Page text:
In 1917 it is believed that Ohtsuka met Sensei Morihri Ueshiba, the founder of Aikido. Ohtsuka began studying Aikido while continuing to train in Jui Jitsu. After two years Ohtsuka decided to become a full-time Martial Artist. In 1920 Ohtsuka was awarded the highest degree of Shindo Yoshin Ryu Jui Jitsu and took the rank of fourth Grand Master.
At a sports festival in 1922 Ohtsuka was introduced to karate where Sensei Gichin Funakoshi was invited to demonstrate his style of Okinawan karate. Impressed with this “new” style of martial arts, Ohtsuka went for an extended stay with Sensei Funakoshi and learned all of the katas in the Okinawan karate style. Ohtuska continued to study Jui Jitsu, Aikido, and Karate. By 1929, Ohtsuka became a registered member of the Japan Martial Arts Federation.
Now married and starting to raise a family, Ohtsuka continued improving his combined or “blended” style of martial arts. Sensei Ohtsuka’s own personalized style of karate was officially registered in 1939 with the Japan Martial Arts Federation under the name of “Wado-Ryu”. Other styles that were registered included Shotokan Ryu, Goju Ryu, and Shito-Ryu.
Until the 1960’s Wado-Ryu and other Martial Arts remained on the small island of Japan. Sensei Ohtsuka continued to train and instruct in Japan while his highly skilled and trained Wado-Ryu instructors spread the style across the world. By the 1970’s Wado-Ryu Karate had become established worldwide.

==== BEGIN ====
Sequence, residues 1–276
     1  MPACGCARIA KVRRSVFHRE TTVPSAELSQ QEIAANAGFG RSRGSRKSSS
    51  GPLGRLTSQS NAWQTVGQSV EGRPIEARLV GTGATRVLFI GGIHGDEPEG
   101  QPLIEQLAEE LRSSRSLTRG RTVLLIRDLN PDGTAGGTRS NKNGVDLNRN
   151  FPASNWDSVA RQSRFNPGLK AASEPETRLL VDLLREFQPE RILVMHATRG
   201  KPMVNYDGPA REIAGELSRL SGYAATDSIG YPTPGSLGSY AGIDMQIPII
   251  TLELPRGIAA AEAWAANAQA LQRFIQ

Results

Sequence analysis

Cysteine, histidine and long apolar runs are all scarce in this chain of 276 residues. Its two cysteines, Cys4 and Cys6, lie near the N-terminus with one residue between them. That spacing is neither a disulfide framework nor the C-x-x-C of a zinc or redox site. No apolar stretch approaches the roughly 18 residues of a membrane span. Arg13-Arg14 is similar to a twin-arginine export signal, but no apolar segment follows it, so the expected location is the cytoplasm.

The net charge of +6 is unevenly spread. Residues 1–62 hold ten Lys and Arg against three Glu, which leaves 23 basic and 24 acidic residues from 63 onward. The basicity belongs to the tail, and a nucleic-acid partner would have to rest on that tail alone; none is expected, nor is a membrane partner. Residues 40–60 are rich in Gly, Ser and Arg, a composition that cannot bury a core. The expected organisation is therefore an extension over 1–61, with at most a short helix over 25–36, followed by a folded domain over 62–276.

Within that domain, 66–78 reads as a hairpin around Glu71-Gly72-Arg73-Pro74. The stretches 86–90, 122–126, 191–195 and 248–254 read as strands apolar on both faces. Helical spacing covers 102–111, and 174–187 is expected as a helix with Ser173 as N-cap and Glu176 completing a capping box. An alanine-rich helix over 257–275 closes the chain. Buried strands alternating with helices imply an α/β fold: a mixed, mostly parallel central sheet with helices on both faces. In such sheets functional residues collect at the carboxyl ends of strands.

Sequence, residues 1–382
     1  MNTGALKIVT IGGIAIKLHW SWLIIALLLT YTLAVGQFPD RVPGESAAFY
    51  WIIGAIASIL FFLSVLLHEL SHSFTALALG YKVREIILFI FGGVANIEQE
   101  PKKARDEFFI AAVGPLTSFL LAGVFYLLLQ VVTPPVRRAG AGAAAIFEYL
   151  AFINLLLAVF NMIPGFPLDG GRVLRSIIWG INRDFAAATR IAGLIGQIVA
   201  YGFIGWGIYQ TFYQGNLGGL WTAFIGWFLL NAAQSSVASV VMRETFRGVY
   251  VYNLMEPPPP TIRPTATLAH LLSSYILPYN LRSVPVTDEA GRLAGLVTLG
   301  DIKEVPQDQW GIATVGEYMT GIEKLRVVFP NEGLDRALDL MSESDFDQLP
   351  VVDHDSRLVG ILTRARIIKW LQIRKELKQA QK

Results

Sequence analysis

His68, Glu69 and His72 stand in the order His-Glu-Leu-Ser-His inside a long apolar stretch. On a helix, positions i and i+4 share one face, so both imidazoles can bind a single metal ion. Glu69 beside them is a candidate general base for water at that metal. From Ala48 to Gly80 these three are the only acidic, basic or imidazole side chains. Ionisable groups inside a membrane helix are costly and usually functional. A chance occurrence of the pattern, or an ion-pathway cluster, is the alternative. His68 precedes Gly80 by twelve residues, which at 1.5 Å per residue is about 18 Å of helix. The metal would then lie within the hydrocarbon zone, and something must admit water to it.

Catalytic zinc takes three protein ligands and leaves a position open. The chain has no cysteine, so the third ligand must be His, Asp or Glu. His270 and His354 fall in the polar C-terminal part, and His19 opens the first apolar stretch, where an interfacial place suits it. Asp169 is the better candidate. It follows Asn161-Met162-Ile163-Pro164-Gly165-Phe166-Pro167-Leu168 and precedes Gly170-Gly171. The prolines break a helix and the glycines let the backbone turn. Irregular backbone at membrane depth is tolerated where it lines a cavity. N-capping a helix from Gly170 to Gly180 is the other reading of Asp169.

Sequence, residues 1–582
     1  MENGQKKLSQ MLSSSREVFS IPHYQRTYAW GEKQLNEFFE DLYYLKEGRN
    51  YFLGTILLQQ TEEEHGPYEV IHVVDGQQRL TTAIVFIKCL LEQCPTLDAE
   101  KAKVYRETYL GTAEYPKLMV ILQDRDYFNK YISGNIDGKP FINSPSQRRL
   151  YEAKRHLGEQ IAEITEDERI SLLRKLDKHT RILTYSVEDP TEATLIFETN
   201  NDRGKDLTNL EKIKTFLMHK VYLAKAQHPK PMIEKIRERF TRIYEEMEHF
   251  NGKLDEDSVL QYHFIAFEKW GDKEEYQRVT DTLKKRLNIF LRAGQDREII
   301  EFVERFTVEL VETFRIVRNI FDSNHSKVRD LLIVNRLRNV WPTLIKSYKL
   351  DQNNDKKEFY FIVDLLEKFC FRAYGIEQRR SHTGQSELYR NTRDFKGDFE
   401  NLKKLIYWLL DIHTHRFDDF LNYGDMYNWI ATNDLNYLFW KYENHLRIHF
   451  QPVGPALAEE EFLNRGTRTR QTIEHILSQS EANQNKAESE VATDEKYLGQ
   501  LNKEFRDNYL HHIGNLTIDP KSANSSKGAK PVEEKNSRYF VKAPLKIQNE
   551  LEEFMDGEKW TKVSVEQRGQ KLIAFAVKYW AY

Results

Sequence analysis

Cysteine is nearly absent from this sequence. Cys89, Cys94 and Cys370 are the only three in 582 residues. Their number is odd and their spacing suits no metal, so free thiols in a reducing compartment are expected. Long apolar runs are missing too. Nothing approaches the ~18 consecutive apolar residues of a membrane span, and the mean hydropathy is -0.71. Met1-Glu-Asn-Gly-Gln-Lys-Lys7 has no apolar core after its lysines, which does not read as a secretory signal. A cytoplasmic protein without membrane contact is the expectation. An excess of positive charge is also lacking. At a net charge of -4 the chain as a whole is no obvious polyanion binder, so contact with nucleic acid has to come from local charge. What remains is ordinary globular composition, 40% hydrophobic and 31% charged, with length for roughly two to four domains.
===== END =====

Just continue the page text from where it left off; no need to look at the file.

In 1972, Sensei Ohtsuka was awarded an honor never before bestowed upon any karate master. The president of the International Martial Arts Federation, a member of the Japanese royal family, presented Master Ohtsuka with the title of “Meijin”, the first 10th Dan Martial Artist in karate.
Meijin Hironori Ohtsuka continued to lead the World of Wado-Ryu Karate until November 1981. Meijin Ohtsuka decided to give up his position as Grand Master of Wado-Ryu Karate to his son, Hironori Ohtsuka the 2nd. as his
successor. However, other high-ranking karatekas of the Wado-Ryu system were opposed to this and wished for a different leader to be appointed. After many negotiations took place over this issue, no agreement could be settled and some of these high-ranking Wado-Ryu karatekas broke away from this system and formed their own associations. To name a couple of these, The Wado-Kai Federation of Canada led by 9th Dan, Sensei Master Masaru Shintani, and Wado Ki Martial Arts Association, Incorporated led by Kudan, 10th degree Grand Master Roger Jerome
On January 19, 1982, just two months after nominating his son as successor to the Wado-Ryu Karate-Do Federation, Hironori Ohtsuka (Meijin) peacefully passed away. Wherever karate is practiced throughout the world, he will always be remembered for his personal dedication and enormous contribution to the Martial Arts and to Wado-Ryu Karate.